A Greener, Leaner Thanksgiving

Reduce the impact of your family fun day with these money-saving tips

Thanksgiving is a wonderful time to feel thankful for all that the year has brought, to share time with family and friends, and to gobble until you wobble. But this year, let’s have a more sustainable holiday. Celebrating Thanksgiving without the excess will be healthier for you and for the planet and will save you money too.

 

100-Mile Meals

The traditional Thanksgiving fare consists of items that are in-season here in Canada, so stick to seasonal goodies that are locally grown. Focusing on food that is produced in a 100-mile radius will mean your food doesn’t have a large carbon footprint because it didn’t travel far to get to you. Eating foods from your area benefits your local economy including farmers and other suppliers.

Canada has some of the most stringent food-safety regulations, so you know that local food is healthy and you won’t be exposed to pesticides that have been banned here, but are still used pervasively in other countries.

 

Eat Less Meat

Sure, you may not want to go for the tofurkey, but you can cut down on meat in your appetizers and other dishes. Cutting down on your meat intake is the single most effective way to reduce your carbon footprint and the amount of money you spend on your Thanksgiving feast.

A whopping 51% of greenhouse gas emissions are caused by animal agriculture. 9,085 litres of water are needed to produce just 1 pound of meat, while a pound of tofu only requires 923 litres. “If all the grain currently fed to livestock in the United States were consumed directly by people, the number of people who could be fed would be nearly 800 million,” says David Pimentel of Cornell University.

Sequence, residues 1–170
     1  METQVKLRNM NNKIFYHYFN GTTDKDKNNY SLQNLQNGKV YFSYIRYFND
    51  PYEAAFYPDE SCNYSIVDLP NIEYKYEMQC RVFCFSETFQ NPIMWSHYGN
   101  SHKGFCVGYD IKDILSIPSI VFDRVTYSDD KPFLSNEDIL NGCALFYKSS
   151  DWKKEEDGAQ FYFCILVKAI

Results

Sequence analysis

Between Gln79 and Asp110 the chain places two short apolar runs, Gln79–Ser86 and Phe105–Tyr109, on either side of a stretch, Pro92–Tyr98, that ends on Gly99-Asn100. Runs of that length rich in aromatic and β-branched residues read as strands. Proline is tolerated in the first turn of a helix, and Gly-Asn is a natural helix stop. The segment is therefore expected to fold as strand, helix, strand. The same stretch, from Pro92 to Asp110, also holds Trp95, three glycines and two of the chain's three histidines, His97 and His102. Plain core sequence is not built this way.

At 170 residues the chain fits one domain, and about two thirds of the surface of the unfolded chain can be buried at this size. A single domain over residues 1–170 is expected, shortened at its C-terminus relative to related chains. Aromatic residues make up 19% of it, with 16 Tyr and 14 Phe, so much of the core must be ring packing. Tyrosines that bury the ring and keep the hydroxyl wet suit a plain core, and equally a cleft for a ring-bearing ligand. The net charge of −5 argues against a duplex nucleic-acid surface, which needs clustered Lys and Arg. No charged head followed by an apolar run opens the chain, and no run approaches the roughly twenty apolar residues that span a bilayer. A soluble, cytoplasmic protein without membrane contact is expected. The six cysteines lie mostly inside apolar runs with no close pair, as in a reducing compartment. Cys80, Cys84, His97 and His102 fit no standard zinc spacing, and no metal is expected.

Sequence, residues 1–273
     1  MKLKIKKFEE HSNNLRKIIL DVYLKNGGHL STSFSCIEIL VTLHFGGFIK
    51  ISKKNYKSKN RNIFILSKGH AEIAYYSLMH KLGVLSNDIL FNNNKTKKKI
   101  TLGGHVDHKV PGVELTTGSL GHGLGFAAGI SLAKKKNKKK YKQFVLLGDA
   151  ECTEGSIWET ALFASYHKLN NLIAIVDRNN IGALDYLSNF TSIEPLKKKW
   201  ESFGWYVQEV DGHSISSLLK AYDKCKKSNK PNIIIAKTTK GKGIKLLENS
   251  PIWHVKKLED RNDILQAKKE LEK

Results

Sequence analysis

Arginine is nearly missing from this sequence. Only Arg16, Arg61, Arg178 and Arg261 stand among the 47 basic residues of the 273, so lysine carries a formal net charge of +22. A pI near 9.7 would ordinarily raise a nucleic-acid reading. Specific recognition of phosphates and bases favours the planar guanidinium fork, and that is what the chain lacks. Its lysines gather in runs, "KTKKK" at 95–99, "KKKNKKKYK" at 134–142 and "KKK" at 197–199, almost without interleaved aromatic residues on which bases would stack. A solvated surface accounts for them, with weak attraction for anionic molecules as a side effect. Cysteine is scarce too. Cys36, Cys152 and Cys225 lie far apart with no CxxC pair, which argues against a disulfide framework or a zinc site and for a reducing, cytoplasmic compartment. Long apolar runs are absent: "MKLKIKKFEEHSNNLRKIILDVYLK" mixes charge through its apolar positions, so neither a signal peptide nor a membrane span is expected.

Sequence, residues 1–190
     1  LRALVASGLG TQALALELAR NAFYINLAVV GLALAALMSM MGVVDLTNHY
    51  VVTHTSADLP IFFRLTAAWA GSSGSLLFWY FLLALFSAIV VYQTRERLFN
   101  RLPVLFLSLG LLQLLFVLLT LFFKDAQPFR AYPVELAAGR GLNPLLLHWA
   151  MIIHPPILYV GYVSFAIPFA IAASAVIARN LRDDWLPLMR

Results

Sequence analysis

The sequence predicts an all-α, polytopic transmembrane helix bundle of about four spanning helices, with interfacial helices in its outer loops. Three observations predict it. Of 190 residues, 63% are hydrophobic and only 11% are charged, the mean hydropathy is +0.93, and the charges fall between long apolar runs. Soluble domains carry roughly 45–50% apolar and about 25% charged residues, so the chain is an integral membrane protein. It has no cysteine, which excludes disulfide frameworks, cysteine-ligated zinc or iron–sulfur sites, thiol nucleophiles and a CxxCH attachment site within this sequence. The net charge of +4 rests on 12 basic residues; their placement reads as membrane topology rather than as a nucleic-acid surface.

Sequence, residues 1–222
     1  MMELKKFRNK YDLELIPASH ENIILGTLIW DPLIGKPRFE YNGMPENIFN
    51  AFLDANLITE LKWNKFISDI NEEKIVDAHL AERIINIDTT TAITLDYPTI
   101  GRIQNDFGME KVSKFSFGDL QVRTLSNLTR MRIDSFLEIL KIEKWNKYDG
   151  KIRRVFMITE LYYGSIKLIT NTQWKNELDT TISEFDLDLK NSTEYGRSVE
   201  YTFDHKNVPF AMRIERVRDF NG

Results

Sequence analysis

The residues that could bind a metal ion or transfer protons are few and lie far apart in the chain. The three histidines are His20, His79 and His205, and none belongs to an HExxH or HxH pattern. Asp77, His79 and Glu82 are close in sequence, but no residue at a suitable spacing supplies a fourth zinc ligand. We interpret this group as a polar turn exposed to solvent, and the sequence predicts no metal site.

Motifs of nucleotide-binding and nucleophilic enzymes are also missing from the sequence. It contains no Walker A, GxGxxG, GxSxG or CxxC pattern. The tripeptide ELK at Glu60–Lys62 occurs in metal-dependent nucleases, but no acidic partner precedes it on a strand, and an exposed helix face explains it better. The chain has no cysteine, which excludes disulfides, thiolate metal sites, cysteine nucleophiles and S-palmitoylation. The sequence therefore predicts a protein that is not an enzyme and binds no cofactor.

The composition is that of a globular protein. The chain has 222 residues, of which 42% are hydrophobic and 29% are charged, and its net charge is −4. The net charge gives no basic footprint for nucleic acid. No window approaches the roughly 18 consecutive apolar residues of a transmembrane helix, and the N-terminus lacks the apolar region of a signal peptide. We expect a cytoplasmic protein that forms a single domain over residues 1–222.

If you’re brave enough, a vegan Thanksgiving can be cheaper, healthier and kinder to the planet. Here’s a full list of recipes to make your meatless Thanksgiving feast a success.

 

Thanksgiving Décor as Nature Intended

Now that you’ve got the food under control, let’s move on to the décor. Buying Thanksgiving decorations from the dollar store only adds to the landfill. Those disposable items are made as cheaply as possible and are likely to off-gas some pretty nasty chemicals at a time when your doors and windows are closed.

Bouquets of exotic flowers have traveled a long way to get to your table and are often grown using pesticides that are banned in Canada and are to be avoided.

Instead, find some great no-carve pumpkin decorating ideas here, or use the leaves, berries and pine cones that nature has generously provided. They won’t cost a cent, don’t off-gas and are biodegradable too!

Use fabric napkins, and avoid foil roasting pans, straws, disposable cutlery and crockery so you reduce waste and cost. After all, you have a whole house full of willing dish washers. Encourage your guests to share rides and take public transport which is cheaper and reduces their travel carbon footprint. 

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